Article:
Naloxone and the Cop

"I immediately took my Narcan out, squirted a milligram of Narcan into her nose and within about 20 seconds [she] took this big gasping breath," said Woodstock, Georgia, police officer Shane Bonebrake as he recounts saving a woman from overdose with the anti-opioid Naloxone.

Mothers & Fathers; Sons & Daughters

Two mothers and a father talk about what it's like to be the parent of a substance user in this affecting piece about frustration and loss.

How to Talk to Kids about Drugs — and How Not to

From their own experiences, young adults in recovery share what we should — and shouldn't say — to young people who may be using drugs or alcohol. "One of the worst things you can do is add anxiety to that situation... pass judgement..." This video is part of a series about substance use disorder among youth — and how we can help prevent or treat it when it occurs.

Unspoken Truths: Young People in Recovery

We're proud to partner with Upworthy to share this video, produced last summer when the Alcoholic Anonymous convention was in Atlanta. If you haven't seen it yet, check it out. More than 1 million viewers already have.

The Recovery Diaries: Jessica

Meet 24-year-old Jessica McDaniel: The woman who couldn't go without a drink before 11 in the morning is now helping other young people not make the same mistake through a peer education program for the Center for Young Adult Addiction and Recovery at Kennesaw State University in Georgia. This is the latest addition to our series The Recovery Diaries.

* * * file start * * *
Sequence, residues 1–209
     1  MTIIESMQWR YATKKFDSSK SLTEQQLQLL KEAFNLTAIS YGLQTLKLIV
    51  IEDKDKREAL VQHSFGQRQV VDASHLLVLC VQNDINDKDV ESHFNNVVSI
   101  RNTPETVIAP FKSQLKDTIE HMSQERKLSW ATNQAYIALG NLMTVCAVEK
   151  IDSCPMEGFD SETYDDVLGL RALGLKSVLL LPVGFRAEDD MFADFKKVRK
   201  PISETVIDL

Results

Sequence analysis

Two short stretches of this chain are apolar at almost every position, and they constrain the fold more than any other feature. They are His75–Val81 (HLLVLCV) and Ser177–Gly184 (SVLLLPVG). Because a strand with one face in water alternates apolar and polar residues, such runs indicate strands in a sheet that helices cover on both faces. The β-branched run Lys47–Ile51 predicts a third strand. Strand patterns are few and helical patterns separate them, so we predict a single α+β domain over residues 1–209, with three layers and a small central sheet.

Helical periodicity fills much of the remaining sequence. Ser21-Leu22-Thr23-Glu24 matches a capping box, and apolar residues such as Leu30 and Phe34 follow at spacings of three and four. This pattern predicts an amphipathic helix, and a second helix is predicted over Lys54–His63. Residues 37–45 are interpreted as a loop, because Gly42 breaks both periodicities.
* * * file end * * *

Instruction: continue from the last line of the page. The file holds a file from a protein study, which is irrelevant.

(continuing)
Video: Youth Unite to Face Addiction, Fight Shame

Thousands gathered at the Unite to Face Addiction Rally in Washington, D.C., Sunday, Oct. 4, to fight the stigma of addiction and to celebrate substance use recovery.

The Recovery Diaries: Gabrielle’s Story

The premature loss of her younger sister, then 20, sent Gabrielle into a world of deep depression and painkillers, where she battled her own addiction demons ...

Pro-social Skills at Young Age Can Predict Future Success: Study

WASHINGTON — Kids who demonstrate so-called pro-social skills at a young age are less likely to end up in juvenile detention, be arrested or abuse drugs later in life, according to a new study published by the American Journal of Public Health.